Health warning as report finds 6,500 people in north-east Essex are living with undiagnosed serious heart or lung diseases

The research, published in a new Public Health England report, found 5,177 people in north-east Esse

The research, published in a new Public Health England report, found 5,177 people in north-east Essex are living with an undiagnosed coronary heart disease (CHD). Picture: Press Association. - Credit: PA

Around 6,500 people in north-east Essex are living with an undiagnosed serious heart or lung disease, a new study warns today.

The “worrying” figures prompted health experts to urge people who suffer breathlessness during everyday tasks such as walking, getting dressed or mowing the lawn to urgently see their GP.

The research, published in a new Public Health England report, found 5,177 people in north-east Essex are living with an undiagnosed coronary heart disease (CHD).

It is the highest amount out of all seven clinical commissioning groups (CCGs) in Essex, as well as the seven CCGs in Suffolk, and means that out of the 17,524 people in north-east Essex estimated to be living with CHD in total, some 30% are unaware they have the disease.

CHD is a condition in which coronary arteries, which supply oxygen-rich blood to the heart, become narrowed by a gradual build-up of fatty material within their walls.


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Meanwhile, some 1,471 people in north-east Essex are also living with chronic obstructive pulmonary disease – a progressive lung disease that makes it difficult to breathe – with the condition currently undiagnosed.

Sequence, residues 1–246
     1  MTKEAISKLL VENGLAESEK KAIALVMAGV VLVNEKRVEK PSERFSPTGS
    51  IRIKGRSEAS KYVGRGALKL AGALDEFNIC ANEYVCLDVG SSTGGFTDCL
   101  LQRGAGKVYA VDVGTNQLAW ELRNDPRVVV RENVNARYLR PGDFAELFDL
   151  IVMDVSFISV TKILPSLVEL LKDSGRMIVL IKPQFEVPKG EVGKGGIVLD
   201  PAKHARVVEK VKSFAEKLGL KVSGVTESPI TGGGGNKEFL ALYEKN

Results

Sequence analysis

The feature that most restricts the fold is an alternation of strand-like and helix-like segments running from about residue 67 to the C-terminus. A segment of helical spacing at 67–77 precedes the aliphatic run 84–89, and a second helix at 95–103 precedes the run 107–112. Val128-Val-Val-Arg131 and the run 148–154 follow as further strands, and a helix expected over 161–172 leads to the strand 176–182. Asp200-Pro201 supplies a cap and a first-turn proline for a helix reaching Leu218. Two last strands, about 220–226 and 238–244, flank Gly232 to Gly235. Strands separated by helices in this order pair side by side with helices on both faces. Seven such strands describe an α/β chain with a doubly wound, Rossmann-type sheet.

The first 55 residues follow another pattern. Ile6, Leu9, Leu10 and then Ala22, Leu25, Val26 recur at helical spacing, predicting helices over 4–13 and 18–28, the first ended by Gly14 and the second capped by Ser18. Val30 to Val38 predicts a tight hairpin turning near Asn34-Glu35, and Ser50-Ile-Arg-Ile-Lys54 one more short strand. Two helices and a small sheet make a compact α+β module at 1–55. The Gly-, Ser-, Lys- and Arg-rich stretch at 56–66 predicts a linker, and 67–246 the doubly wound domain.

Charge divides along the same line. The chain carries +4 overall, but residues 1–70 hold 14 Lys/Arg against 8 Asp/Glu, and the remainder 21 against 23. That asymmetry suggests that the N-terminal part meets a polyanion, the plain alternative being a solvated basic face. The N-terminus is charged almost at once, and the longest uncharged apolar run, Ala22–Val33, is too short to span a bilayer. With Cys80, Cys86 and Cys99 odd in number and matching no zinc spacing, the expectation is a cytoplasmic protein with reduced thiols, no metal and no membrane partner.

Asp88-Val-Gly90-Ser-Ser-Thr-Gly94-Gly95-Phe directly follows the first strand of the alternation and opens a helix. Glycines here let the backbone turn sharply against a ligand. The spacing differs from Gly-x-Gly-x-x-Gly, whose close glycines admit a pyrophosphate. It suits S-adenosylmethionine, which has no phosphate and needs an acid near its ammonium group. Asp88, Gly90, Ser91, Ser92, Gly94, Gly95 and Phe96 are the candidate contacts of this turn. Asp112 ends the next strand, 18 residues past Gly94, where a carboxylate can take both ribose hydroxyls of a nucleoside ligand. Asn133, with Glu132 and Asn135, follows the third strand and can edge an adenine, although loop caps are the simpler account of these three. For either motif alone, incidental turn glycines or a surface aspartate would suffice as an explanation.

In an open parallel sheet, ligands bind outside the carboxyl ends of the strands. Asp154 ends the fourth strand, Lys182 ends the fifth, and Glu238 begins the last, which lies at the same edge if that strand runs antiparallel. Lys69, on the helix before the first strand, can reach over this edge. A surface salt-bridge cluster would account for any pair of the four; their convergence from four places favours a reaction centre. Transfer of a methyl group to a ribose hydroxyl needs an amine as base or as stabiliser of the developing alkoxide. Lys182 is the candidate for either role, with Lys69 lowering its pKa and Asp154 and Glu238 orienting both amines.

A total of 8,814 people have the disease in north-east Essex.

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Catherine Goodall, consultant for health improvement at Public Health England, said: “It is worrying that there are potentially 6,500 people in north-east Essex living with an undiagnosed heart or lung disease.

“People may notice a change in their breathing during activities such as walking up a small flight of stairs, washing and dressing or doing simple tasks around the home like mowing the lawn.

“If they have any concerns we would encourage them to seek medical advice as getting help early rather than waiting until the problem gets worse is vital.”

Professor Peter Weissberg, medical director at the British Heart Foundation, added: “It’s easy to ignore breathlessness as a sign that we’re simply getting old or unfit. But feeling out of breath whilst doing everyday activities, could be a sign of a potentially serious heart condition.

“Common, treatable heart conditions such as coronary heart disease – the cause of heart attacks – heart failure and abnormal heart rhythms like atrial fibrillation can all cause breathlessness.

“That’s why it’s important to take breathlessness seriously and talk to your doctor as soon as possible. Most heart disease is treatable, but it is important to have it diagnosed before it is too late.”

The survey also reveals that nearly six in 10 people in the East of England (59%) would put off going to their GP if they suffered from breathlessness.

Almost one in four (24%) expressed concern they would be wasting the doctor’s time and 23% did not think breathlessness is a serious enough symptom to seek advice from a doctor.

Meanwhile in Ipswich and east Suffolk, a total of 3,120 people are living with an undiagnosed coronary heart disease (CHD).

With a total of 18,925 estimated to have the condition in total, it means around one in six people who have the disease have not been diagnosed.

Meanwhile, some 3,184 people in Ipswich and east Suffolk are living with chronic obstructive pulmonary disease – a progressive lung disease that makes it difficult to breathe – without the condition being diagnosed.

A total of 9,706 people have the disease in Ipswich and east Suffolk.

Dr Linda Pearce, clinical director of the East of England Strategic Clinical Network, said: “Struggling with everyday activities such as vacuuming or walking can be the first indicator that someone is living with breathlessness.

“This can be uncomfortable and worrying. If this is something that affects you, or you notice it affecting a friend or family member, speak to your GP.”

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